Instead of supposing the light to fall vertically upon the surface it is often supposed to fall obliquely, generally at an angle of 45° from the upper left-hand corner. It is claimed for this method that it affords a means of giving a graphic representation of Alpine districts where other methods of shading fail. The Dufour map of Switzerland (1:100,000) is one of the finest examples of this style of hill-shading. For use in the field, however, and for scientific work, a contoured map like Siegfried’s atlas of Switzerland, or, in the case of hilly country, a map shaded on the assumption of a vertical light, will prove more useful than one of these, notwithstanding that truth to nature and artistic beauty are claimed on their behalf.

Instead of shading by lines, a like effect may be produced by mezzotint shading (cf. the map of Italy, or other maps, in this work, on a similar method), and if this be combined with contour lines very satisfactory results can be achieved. If this tint be printed in grey or brown, isohypses, in black or red, show distinctly above it. The same combination is possible if hills engraved in the ordinary manner are printed in colours, as is done in an edition of the 1-inch ordnance map, with contours in red and hills hachured in brown.

Efforts have been made of late years to improve the available methods of representing ground, especially in Switzerland, but the so-called stereoscopic or relief maps produced by F. Becker, X. Imfeld, Kümmerly, F. Leuzinger and other able cartographers, however admirable as works of art, do not, from the point of utility, supersede the combination of horizontal contours with shaded slopes, such as have been long in use. There seems to be even less chance for the combination of coloured strata and hachures proposed by K. Peucker, whose theoretical disquisitions on aerial perspective are of interest, but have not hitherto led to satisfactory practical results.[1]

The above remarks apply more particularly to topographic maps. In the case of general maps on a smaller scale, the orographic features must be generalized by a skilful draughtsman and artist. One of the best modern examples of this kind is Vogel’s map of Germany, on a scale of 1:500,000.

Selection of Names and Orthography.—The nomenclature or “lettering” of maps is a subject deserving special attention. Not only should the names be carefully selected with special reference to the objects which the map is intended to serve, and to prevent overcrowding by the introduction of names which can serve no useful object, but they should also be arranged in such a manner as to be read easily by a person consulting the map. It is an accepted rule now that the spelling of names in countries using the Roman alphabet should be retained, with such exceptions as have been familiarized by long usage. In such cases, however, the correct native form should be added within brackets, as Florence (Firenze), Leghorn (Livorno), Cologne (Cöln) and so on. At the same time these corrupted forms should be eliminated as far as possible. Names in languages not using the Roman alphabet, or having no written alphabet should be spelt phonetically, as pronounced on the spot. An elaborate universal alphabet, abounding in diacritical marks, has been devised for the purpose by Professor Lepsius, and various other systems have been adopted for Oriental languages, and by certain missionary societies, adapted to the languages in which they teach. The following simple rules, laid down by a Committee of the Royal Geographical Society, will be found sufficient as a rule; according to this system the vowels are to be sounded as in Italian, the consonants as in English, and no redundant letters are to be introduced. The diphthong ai is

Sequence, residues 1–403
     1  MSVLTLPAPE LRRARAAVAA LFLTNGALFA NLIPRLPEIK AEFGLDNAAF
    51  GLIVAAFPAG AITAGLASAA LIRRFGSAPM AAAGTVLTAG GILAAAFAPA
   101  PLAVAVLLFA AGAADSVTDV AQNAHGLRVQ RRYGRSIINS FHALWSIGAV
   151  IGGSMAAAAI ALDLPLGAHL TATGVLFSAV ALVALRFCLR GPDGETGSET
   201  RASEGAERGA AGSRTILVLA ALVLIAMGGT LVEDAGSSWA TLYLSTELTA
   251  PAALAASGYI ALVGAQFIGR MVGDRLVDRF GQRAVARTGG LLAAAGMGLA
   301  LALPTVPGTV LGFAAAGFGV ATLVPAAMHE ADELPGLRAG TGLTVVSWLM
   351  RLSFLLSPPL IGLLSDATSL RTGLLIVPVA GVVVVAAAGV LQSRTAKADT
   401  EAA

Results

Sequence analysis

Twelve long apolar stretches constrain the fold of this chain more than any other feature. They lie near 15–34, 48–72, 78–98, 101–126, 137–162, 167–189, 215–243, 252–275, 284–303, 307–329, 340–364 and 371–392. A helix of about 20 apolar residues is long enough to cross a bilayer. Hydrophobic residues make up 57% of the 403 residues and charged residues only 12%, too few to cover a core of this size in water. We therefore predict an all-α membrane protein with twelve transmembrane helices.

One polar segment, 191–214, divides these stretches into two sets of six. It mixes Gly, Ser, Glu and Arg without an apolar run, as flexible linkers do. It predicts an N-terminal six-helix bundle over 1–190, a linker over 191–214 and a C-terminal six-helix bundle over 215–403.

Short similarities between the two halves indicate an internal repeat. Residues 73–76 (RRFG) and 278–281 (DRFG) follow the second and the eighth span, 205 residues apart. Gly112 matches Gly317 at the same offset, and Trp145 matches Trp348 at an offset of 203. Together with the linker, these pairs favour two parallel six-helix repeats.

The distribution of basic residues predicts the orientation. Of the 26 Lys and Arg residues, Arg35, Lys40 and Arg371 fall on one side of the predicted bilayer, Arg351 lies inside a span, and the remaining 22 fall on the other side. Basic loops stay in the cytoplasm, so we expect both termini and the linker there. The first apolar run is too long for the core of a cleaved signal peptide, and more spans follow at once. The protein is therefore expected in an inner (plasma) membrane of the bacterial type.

1. K. Peucker, Schattenplastik und Farbenplastik (Vienna, 1898); Geograph. Zeitschrift (1902 and 1908).